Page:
‘A Belated Date’ is his first attempt at writing a short(ish) play and it is based on a true story with many amusing moments. Luckily he was not one of the actual participants in the real story.

Gavyn Lugsden

Gavyn Lugsden (42) lives in Bedfordshire with his wife and 3 children. He worked as a Redcoat at Butlin’s Bognor Regis from 1995 – 97, and then left to become a childrens entertainer and Drama teacher.
In 2010 he founded the Curtain Call Theatre Group and Youth Theatre.
Gavyn has written a range of scripts from one act plays and sketches, to family Pantomimes. He has won several awards for his works including ‘Best Comedy Scene’ (Jack and the Beanstalk), ‘Best Regional Pantomime’ (Dick Whittington) and ‘Best original script’ (Captain Crabs and the Secret Island).
The feedback from Gavyn’s works has always been very positive. Not only does the script read well and use ‘natural language’ but also has no ‘boring bits’! The plays and pantomimes are always fast paced and laugh-a-minute…!
Gavyn is also available for help and advice with any script purchased and can be contacted direct at

Gurmeet Mattu

Gurmeet Mattu is a Scots writer of Indian descent. His first full length stage play, in 1984, was CITIZEN SINGH, followed by EVERY BLOODY SUNDAY, SIEGE MENTALITY, COWBOYS & INDIANS, MSSIAH, WINDAE HINGIN’ and THE GHOSTS OF GLASGOW. He has also written the shorter pieces, THE STORMER and THE GIFTIE GI’EN US for 7:84 Theatre Company. For BBC Radio he has written SICK AS A PARROT, THE FLIRT, THESE MAGIC WORDS and SHOULDERS as well as sitcom pilots, COCONUTS and DOC for BBC TV.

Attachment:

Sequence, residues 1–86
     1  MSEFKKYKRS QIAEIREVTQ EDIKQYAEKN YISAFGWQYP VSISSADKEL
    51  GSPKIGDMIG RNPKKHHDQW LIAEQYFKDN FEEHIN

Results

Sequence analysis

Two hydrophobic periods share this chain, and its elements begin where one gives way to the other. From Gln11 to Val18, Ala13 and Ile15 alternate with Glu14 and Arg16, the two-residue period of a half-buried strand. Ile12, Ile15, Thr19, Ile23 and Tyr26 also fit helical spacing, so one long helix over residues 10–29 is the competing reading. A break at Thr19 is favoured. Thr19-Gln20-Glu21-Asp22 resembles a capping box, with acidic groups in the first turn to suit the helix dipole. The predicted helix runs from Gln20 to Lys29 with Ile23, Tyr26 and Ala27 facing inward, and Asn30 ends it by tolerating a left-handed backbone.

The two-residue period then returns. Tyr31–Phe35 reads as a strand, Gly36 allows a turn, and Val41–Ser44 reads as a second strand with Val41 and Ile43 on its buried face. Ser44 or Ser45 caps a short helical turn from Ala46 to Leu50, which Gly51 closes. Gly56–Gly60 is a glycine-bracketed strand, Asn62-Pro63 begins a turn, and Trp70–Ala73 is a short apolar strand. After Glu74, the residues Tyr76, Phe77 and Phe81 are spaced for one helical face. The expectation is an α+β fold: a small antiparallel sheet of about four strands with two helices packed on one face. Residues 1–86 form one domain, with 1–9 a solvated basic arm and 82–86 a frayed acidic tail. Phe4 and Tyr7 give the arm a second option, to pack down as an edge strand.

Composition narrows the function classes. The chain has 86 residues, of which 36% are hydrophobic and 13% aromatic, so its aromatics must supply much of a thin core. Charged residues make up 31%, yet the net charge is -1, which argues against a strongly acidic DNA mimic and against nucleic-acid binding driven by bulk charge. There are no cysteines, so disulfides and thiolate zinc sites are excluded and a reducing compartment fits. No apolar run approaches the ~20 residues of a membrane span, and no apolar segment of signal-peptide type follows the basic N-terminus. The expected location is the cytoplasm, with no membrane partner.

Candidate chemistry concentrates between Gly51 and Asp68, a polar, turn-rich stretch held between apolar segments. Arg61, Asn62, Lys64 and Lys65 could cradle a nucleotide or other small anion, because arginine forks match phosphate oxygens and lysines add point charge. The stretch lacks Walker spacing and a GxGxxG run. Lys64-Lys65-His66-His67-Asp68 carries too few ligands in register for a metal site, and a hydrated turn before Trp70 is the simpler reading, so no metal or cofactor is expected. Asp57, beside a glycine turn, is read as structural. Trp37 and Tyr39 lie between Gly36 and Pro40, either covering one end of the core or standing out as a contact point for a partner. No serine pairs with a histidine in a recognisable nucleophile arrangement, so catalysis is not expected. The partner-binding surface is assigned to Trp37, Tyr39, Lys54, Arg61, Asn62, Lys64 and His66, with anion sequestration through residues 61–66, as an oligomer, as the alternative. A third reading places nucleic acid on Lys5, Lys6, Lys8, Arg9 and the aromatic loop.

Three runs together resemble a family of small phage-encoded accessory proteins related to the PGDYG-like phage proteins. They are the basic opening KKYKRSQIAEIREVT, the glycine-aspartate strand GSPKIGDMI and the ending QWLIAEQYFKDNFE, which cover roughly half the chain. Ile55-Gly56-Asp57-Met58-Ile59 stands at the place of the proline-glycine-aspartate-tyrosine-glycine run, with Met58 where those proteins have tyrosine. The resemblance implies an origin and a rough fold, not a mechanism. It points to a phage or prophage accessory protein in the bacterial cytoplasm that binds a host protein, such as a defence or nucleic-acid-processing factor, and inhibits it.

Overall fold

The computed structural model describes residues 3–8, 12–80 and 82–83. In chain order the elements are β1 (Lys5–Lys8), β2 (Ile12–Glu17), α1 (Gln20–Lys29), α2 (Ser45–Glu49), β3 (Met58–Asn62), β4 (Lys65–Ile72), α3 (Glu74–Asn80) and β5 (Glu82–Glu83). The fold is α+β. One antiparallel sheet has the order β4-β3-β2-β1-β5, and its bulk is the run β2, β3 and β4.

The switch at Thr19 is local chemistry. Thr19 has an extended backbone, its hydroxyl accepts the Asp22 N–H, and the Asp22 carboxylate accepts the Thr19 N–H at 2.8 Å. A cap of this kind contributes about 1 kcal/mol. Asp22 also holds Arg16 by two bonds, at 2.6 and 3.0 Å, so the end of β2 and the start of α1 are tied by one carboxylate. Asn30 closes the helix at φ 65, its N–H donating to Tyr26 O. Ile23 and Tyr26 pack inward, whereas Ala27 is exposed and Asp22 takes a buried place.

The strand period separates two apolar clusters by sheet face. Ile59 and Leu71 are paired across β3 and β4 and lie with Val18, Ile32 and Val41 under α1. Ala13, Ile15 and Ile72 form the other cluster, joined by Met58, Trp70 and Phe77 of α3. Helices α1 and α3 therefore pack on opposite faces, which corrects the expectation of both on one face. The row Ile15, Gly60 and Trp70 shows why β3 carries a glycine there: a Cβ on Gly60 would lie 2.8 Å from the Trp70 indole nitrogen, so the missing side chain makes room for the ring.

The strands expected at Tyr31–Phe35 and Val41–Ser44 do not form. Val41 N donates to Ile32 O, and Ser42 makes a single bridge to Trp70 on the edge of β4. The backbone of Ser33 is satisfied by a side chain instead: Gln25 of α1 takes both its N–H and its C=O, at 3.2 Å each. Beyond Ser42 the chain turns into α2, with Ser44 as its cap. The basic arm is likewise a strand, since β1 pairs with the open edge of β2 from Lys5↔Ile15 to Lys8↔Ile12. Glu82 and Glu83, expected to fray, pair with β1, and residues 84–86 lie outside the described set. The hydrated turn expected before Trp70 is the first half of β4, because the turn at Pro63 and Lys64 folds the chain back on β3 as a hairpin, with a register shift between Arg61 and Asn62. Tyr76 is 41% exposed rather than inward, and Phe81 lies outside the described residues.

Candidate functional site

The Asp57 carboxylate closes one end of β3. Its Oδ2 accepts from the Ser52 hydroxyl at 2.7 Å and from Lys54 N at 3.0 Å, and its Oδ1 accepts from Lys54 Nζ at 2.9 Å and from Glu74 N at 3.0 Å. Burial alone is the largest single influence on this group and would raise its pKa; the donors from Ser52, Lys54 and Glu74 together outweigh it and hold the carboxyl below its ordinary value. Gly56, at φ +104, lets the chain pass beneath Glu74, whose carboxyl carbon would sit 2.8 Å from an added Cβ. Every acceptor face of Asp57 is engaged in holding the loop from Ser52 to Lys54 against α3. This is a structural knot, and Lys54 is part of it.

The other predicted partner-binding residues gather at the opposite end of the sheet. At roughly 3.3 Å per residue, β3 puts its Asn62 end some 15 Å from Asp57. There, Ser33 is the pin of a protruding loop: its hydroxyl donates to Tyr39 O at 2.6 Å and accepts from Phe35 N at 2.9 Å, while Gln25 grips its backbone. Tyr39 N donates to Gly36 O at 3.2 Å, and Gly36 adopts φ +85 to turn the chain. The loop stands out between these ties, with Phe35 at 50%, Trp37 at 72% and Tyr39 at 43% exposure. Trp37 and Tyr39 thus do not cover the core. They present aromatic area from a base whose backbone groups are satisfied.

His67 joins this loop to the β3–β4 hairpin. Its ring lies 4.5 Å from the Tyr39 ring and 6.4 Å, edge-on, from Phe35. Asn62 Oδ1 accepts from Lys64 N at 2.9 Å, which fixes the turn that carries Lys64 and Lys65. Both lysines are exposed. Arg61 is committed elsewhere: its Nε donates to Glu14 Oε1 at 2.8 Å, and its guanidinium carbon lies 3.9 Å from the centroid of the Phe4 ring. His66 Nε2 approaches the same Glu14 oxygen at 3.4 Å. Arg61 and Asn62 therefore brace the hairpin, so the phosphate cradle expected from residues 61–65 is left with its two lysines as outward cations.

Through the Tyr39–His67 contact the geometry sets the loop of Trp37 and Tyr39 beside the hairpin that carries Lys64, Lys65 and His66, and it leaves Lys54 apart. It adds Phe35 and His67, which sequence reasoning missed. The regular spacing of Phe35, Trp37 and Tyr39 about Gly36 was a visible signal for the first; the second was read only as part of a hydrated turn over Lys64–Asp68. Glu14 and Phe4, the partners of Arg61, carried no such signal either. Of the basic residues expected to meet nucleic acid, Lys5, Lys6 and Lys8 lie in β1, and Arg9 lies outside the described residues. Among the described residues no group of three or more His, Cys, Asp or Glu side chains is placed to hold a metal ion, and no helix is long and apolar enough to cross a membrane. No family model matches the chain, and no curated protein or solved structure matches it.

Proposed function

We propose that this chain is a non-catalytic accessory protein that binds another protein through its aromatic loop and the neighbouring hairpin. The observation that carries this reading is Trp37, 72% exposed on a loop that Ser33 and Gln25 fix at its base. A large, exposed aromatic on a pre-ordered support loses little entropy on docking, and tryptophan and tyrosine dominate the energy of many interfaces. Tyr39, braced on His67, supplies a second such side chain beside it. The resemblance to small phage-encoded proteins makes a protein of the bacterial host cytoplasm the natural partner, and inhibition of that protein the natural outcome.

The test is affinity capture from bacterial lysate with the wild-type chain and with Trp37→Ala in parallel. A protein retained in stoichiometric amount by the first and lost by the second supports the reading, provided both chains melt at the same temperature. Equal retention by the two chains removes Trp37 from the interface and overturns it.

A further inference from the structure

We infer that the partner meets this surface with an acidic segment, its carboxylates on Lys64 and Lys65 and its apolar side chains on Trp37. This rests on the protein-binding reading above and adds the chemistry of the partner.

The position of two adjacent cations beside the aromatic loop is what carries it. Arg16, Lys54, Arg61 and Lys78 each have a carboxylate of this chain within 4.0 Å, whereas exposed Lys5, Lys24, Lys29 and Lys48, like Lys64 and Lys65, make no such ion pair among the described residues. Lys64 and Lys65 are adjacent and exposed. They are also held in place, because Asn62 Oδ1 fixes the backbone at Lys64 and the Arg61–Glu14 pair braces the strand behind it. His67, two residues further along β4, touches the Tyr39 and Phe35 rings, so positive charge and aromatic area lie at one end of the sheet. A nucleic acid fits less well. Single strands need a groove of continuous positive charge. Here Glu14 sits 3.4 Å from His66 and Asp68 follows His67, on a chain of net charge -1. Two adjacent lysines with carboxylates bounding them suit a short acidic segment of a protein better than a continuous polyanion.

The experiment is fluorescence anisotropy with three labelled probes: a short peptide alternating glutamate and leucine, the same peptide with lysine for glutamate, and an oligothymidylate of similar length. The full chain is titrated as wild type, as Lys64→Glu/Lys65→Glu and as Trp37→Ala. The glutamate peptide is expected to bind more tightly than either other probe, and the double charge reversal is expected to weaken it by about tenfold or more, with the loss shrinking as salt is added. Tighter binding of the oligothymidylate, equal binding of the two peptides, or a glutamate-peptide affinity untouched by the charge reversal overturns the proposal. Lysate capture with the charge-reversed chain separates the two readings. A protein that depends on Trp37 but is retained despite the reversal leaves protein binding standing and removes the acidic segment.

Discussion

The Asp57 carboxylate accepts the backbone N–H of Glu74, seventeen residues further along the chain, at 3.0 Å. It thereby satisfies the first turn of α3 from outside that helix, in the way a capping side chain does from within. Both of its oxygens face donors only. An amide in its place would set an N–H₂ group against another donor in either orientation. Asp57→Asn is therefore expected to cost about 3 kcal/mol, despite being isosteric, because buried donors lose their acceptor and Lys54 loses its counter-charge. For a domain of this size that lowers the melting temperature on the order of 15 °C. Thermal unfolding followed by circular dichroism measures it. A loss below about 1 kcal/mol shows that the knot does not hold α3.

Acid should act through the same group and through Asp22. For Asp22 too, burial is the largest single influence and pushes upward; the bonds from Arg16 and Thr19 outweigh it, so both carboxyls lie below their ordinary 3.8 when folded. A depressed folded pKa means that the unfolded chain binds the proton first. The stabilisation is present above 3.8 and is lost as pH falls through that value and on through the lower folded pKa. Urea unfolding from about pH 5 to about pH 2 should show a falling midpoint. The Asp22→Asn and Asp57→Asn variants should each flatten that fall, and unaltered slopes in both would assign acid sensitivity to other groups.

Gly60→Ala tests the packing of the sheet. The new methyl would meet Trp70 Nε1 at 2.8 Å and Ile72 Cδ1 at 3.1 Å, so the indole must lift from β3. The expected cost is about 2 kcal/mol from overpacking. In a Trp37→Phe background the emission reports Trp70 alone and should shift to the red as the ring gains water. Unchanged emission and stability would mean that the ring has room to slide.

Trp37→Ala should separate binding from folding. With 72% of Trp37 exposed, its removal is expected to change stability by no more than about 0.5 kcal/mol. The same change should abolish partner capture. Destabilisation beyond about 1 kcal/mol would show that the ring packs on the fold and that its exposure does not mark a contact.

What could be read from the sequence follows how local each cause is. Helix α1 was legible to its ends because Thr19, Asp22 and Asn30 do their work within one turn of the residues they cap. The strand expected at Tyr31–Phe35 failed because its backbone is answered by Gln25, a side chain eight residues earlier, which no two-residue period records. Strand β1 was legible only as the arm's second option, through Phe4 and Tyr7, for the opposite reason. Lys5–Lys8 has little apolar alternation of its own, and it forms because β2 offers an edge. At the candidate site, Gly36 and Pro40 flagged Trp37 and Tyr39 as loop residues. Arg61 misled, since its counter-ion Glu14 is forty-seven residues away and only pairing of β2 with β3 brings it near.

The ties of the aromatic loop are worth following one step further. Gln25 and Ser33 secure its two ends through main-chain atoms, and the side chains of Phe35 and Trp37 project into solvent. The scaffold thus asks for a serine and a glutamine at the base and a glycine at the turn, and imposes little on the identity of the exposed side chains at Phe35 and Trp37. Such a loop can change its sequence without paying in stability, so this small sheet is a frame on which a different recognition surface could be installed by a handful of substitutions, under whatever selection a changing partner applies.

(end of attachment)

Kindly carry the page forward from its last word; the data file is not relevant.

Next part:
He is also a winner of the Scottish Screen/DNA films First Draft Award.

He is currently the Artistic Director of the Yorkhill Theatre Group in Glasgow.

Andy Moseley

Andy Moseley is a playwright and founder member of NoLogoProductions. His plays include Are You Lonesome Tonight? A Bridge Game Too Far (winner of the Roy Purdue New Writing Trophy, Orange Tree Theatre 2011) After We Danced, Boxes, Casual Encounters, Going For Gold and Heart Shaped Box. His first book, Around the States in 90 Days was published in 2009. His website is NoLogoProductions website is

Russell Muir

Russell Muir has been performing on stage since the age of ten. In recent years he has performed in Theatre, TV and Film productions. He has taken on the roles of Camille in Remember Me (Network Theatre), Colonel Von Strohm in ‘Allo ‘Allo, Cowardly Lion in Wizard of Oz and Pantomime Dame in Babes. His TV credits include Engineer in Calgon Commercial, Jamie the Postman in Topsy & Tim.  Russell spends most of his working life chaperoning children in Theatre, Film and TV.  From Hair to Eternity is Russell’s first ever musical that he has written.